Bypassing “Am I Allowed to” Questions and Writing Better Songs

I always say that it’s not rules that we consider in good songwriting, but principles, which serve as guidelines for us. Perhaps a sport can provide us with a good analogy here.

When you watch an excellent tennis player, we’re not at all amazed by their following of the rules of the game. Tennis has rules, and no doubt the players are subconsciously aware of them as the game proceeds. With every hit of the racquet against the ball, there are rules that need to be followed: whether the ball lands on this or that side of a line, where their foot is when they serve, and even how the points are tallied; there are rules.

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But a good tennis match makes you forget the rules. Rules aren’t impressive; players are.

In music, even though we’re fond of saying there are no rules, I suppose you could argue that there are at least some “quasi-rules”, rules that we accept as part of the language of music. For example, you may have made a decision that your song is going to be in A major, so there are things that need to happen to make A sound like a tonic note. Even if we don’t call those “rules”, they come pretty close.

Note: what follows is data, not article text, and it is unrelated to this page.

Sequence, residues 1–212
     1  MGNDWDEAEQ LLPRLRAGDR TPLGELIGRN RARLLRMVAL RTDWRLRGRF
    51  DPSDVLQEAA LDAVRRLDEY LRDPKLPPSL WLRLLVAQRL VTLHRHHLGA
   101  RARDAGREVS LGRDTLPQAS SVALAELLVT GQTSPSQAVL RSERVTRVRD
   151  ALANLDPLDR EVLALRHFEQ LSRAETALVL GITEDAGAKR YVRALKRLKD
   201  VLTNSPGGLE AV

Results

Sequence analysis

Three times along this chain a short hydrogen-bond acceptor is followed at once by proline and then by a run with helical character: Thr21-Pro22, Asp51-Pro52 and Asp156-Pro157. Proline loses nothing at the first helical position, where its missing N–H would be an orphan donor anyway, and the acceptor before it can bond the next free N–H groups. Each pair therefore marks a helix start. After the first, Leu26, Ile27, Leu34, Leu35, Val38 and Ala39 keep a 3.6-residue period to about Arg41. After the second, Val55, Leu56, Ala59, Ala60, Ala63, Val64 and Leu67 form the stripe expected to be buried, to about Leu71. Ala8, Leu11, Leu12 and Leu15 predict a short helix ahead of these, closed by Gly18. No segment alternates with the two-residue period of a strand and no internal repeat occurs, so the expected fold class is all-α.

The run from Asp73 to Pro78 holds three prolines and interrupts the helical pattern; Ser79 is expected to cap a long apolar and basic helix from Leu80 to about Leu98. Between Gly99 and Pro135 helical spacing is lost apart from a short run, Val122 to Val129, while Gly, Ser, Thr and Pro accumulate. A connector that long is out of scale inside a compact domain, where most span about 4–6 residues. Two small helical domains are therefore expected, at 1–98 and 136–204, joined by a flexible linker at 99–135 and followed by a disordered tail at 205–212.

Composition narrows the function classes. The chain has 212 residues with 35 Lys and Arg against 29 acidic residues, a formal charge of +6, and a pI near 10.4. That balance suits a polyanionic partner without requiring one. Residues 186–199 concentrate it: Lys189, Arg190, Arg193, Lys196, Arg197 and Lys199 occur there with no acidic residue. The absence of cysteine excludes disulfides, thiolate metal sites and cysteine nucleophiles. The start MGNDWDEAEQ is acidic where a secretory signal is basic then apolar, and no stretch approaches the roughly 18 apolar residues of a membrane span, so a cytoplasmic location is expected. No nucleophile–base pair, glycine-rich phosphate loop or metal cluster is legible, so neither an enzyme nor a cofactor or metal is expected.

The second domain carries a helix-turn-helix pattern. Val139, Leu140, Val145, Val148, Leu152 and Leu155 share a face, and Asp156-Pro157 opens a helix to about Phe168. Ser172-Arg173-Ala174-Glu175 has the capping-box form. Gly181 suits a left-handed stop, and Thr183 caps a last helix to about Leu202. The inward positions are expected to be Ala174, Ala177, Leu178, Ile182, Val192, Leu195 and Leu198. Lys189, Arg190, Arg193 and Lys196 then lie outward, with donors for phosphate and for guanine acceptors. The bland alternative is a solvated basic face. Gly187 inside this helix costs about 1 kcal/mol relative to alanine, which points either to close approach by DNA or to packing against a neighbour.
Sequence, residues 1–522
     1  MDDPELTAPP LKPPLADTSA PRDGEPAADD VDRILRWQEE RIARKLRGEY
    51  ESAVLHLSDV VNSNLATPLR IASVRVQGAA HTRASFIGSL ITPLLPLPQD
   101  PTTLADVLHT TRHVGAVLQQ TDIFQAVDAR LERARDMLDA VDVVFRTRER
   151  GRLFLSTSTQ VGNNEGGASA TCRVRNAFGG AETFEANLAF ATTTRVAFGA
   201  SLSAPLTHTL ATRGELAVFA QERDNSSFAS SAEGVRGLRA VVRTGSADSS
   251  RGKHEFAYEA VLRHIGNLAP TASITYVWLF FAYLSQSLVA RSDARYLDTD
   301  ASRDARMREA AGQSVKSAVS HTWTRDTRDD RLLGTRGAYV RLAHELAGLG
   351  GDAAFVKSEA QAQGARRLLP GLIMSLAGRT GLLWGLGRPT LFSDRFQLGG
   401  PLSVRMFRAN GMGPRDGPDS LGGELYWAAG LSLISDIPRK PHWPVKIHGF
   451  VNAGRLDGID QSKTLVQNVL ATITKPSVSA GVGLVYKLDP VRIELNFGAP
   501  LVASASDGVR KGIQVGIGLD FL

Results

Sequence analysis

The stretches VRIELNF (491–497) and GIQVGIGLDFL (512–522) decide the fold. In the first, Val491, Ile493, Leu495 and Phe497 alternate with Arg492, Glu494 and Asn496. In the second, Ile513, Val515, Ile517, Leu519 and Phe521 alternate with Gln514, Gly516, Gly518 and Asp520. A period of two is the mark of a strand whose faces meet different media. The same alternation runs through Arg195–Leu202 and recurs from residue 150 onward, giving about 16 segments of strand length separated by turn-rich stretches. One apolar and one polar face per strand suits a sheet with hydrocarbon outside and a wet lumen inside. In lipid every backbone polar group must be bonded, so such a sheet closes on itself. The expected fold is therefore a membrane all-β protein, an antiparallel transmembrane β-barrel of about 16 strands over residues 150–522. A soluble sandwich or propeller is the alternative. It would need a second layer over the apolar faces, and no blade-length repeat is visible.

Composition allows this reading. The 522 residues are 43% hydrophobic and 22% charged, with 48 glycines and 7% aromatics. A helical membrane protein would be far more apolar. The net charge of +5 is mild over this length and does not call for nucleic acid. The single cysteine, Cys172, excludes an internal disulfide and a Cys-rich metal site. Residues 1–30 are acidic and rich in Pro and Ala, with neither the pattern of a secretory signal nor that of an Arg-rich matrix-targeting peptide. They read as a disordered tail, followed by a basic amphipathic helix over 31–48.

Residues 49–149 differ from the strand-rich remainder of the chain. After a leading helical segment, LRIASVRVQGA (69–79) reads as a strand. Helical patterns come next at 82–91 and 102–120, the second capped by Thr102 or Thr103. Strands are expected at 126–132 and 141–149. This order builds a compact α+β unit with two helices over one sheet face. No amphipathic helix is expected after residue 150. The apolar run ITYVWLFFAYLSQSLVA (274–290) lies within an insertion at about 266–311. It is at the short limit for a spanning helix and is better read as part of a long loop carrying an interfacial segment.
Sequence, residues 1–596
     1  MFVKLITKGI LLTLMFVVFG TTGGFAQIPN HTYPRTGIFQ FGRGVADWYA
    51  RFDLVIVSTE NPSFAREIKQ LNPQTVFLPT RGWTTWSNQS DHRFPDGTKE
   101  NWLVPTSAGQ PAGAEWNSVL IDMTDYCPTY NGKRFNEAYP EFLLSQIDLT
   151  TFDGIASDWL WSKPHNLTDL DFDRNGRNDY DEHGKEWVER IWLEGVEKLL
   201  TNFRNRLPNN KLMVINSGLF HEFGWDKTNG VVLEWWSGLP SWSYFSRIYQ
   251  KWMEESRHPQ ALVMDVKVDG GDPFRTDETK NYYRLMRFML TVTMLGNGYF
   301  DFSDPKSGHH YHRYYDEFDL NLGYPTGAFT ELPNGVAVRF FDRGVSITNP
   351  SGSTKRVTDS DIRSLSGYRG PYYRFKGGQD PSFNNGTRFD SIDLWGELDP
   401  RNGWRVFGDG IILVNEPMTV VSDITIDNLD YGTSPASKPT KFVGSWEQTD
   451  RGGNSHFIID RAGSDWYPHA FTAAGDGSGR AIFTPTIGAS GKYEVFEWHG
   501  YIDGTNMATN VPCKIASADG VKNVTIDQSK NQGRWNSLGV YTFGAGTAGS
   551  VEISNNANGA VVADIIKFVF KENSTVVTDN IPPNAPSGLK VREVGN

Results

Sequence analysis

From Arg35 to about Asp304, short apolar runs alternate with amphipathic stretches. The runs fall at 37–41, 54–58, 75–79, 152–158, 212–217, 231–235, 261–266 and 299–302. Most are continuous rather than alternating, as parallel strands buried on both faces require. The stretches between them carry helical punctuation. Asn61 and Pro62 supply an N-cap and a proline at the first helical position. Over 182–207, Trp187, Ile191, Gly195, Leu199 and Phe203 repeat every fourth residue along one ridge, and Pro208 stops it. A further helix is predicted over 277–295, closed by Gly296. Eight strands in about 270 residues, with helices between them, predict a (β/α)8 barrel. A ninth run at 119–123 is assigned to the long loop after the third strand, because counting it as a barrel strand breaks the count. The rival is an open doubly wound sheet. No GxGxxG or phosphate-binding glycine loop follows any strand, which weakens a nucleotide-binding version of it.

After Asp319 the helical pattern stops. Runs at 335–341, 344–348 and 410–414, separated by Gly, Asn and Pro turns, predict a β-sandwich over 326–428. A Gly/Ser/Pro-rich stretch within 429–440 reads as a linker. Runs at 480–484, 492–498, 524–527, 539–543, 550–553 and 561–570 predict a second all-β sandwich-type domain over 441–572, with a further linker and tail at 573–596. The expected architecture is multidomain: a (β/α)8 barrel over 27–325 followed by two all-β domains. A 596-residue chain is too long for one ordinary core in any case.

In tennis, there is a rule that says a serve must land at a certain area of the court. That rule adds little to the enjoyment of tennis. It’s a rule that’s in place to control the general parameters of the game.

With tennis, you can follow the rules completely, and still lose the game. Your prowess, skill and talent as a player will determine whether or not you win, not the rules of the game.

With music, you could write a song that satisfies every “Can I…” and “Am I allowed to..” question you can possibly come up with, but still write a bad song.

And that’s because, like tennis, rules add little to the enjoyment of music. It’s your skill and talent, partnered with your musical imagination, that will determine the excellence of your song, not the rules.

Written by Gary Ewer. Follow Gary on Twitter.

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